Saturday, October 6, 2012

#Sweet Saturday Samples: The Whisper of Time is here!

Hi Saturday Samplers!
My time-travel romance novella, The Whisper of Time, is now available for e-book. It's set in Vermont, land of maple trees, cows and green hills. In fall, as the leaves put on a crimson and gold display,  the smell of cider perfumes the air.

Here's a recipe for Hot spiced cider from

1/2 gallon apple cider
12 cloves
3 cinnamon sticks
1 c. orange juice
1/2 c. lemon juice
Heat apple cider. Add all ingredients. Allow the mixture to simmer for half hour or more. Serve this in mugs on a chilly night.Makes 12 servings.

And here's a little bit of The Whisper of Time: when heroine Gwynn first finds out about hero Slate. Kick back, take a sip of cider and enjoy!

“I don’t know the first thing about goats,” I said to Vera.
“Why, sure you do. You’re an animal doctor.” Vera put a reassuring arm around my shoulder. “Besides, you won’t have to go it alone. Slate will be here to help you out.”
“Slate?” I couldn’t be sure what or who Slate was. A blank chalk board came to mind.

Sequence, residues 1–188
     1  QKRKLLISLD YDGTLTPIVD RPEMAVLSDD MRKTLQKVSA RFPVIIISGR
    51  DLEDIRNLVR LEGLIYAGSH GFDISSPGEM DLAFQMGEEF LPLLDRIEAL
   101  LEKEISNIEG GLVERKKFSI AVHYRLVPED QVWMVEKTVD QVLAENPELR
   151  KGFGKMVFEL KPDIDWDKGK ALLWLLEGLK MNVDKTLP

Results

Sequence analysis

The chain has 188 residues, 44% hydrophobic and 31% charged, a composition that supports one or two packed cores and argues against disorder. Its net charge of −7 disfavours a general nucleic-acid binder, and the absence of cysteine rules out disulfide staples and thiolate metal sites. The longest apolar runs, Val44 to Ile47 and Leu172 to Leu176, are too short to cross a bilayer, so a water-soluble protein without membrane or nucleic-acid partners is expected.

“Slate Peck.” Vera pointed to a small cabin at the far end of the meadow. “He’s a goatherd.”
“A goatherd?” I didn’t know goatherds existed in Vermont. Or in this century, for that matter. I might have been fuzzy on details, but the name Peck did ring a bell. “Jebidiah Peck,” I puzzled aloud. “He owned the farm?”
“Slate is Jeb’s grandson. Jeb willed a parcel of land to Slate, so you’re neighbors! He’s been running the place all by his lonesome, bless his soul. Of course, goats don’t pay the bills like they used to, so Slate also manages the Agway down to East Rupert.” Vera nodded as though the Agway job were a life achievement. “And he knows more about goats than anyone else around, so you go ahead and ask him about anything.”
“He lives over there?” I wasn’t convinced I wanted a strange man living so close by the isolated farmhouse, even if he was a goat expert.

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  1. Ah :-) so much ging on behind the scenes in this sample. Nice.

  2. Great dialogue. I love the way you included little bits of the Vermont way of speaking -- "all by his lonesome" and "down to East Rupert." It's easy to differentiate between speakers. Thanks for the spiced cider recipe too. Sounds yummy.

    1. Thanks Sandy. I grew up in the northeast, so those speech patterns seem natural. The cider's a terrific way to warm up on cool fall evenings.

  3. The recipe sounds as nice as the excerpt. Thanks.

  4. Nice excerpt! I'm curious to see if Slate is scary or yummy.